Design By Humans
Published On: Tue, Aug 25th, 2015

We talk with Jesse Kornbluth about his first novel Married Sex: A Love Story

Married SexWriter, critic and author, Jesse Kornbluth created a website curating items for your head. A concierge at your fingertips recommending the best intellectual and interesting products. He’s a pure advocate on items that many people have forgotten about because they are busy writing about the newest and latest gadgets. He writes about timeless, fascinating and sometimes forgotten things. Jesse is a true renaissance man in every sense of the word. Here, we talk with him about his first novel Married Sex: A Love Story. In this sharply observed erotic tale about the challenges of modern marriage, when a husband convinces his wife to join him in a tryst with another woman, there are unintended consequences.

What is the best definition of a good marriage to you?

Simple: In a good marriage, the people care about one another. Really care. Not because they’re “working” at marriage.

What seems to happen to both men and women during middle age and marriage?

Even for the most successful of us, life seems to deliver less than we expected. We don’t think that’s fair. So we look for more. Sometimes it’s an affair. Or a red Tesla. Or a Birkin bag. But the motivation seems the same to me: a hunger for freedom, a rage against decay and death.

You have profiled everyone for major publications. Who was your best interview and why?

Nobody says Tom Cruise, but I do. I interviewed him in Dallas for Vanity Fair as he was preparing for Born on the 4th of July. Before we met, I sent him a note: “I know you hate to be grilled, so let’s do something.” His cousin picked me up at the hotel and drove me to the Galleria. Cruise was nowhere to be seen. Which was weird, because this is a guy who writes you a thank-you note even before you interview him. At last, a thin man in a wheelchair rolled over. He had scraggly hair and shabby clothes — it was Cruise, working on his character for the movie. As we toured this luxury mall, we talked. At one point, a kid in a wheelchair rolled over to Cruise, and they chatted. I thought how that boy would never get out of his chair and Cruise would, and I had to turn away. When I left Cruise, he was practicing “transfers’ – lifting himself from his chair into a car. On tape, he hadn’t said much. With his body, he was eloquent.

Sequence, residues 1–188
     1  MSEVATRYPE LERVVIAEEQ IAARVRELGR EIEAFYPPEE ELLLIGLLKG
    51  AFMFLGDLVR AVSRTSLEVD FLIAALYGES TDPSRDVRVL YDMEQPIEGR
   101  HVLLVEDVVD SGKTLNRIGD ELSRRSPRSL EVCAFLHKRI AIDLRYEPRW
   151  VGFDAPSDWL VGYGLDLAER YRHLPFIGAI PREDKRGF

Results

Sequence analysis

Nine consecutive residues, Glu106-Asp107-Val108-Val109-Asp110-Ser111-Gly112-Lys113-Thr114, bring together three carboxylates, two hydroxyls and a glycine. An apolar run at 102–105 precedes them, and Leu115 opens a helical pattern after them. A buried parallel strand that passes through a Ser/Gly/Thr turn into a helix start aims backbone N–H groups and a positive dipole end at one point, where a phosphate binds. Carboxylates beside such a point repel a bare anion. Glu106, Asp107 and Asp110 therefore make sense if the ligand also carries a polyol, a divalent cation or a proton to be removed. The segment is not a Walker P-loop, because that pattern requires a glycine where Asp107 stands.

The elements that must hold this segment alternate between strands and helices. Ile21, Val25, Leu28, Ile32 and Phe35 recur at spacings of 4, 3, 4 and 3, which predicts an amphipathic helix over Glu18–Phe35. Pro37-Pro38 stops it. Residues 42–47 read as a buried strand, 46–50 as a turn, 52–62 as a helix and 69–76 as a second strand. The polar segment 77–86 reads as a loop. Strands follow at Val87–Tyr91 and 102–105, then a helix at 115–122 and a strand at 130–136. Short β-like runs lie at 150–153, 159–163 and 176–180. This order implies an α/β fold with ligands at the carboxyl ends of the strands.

How long did it take you to write your first novel, Married Sex?

John Guare told me he wrote Six Degrees of Separation in 54 hours — but it took him 54 years of living to know what to do with those hours. So it was for me. I had the idea in 1995. But I wasn’t really ready to write it until the end of my marriage, the start of a new one and the birth of our child. After that, it only took a few years.

Do you ever worry about things that may offend people that know you in the book or even your own wife?

Of course. Especially my wife and our 13-year-old daughter. But I fought that anxiety off. It’s a novel, not a memoir. And if I softened what I needed to write, I’d probably be condemning the book to failure. Nobody in my house likes failure.

What do you see as the future for fiction and movies and entertainment in general?

I see two tiers in everything. Interesting, idiosyncratic books, movies and music, made on small budgets, for Volvo-driving, latte-drinking consumers. Predictable genre books, movies and music for the masses. My goal: to write interesting, idiosyncratic books and movies that cross over.

To purchase Married Sex: A Love Story by Jesse Kornbluth, please visit

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We talk with Jesse Kornbluth about his first novel Married Sex: A Love Story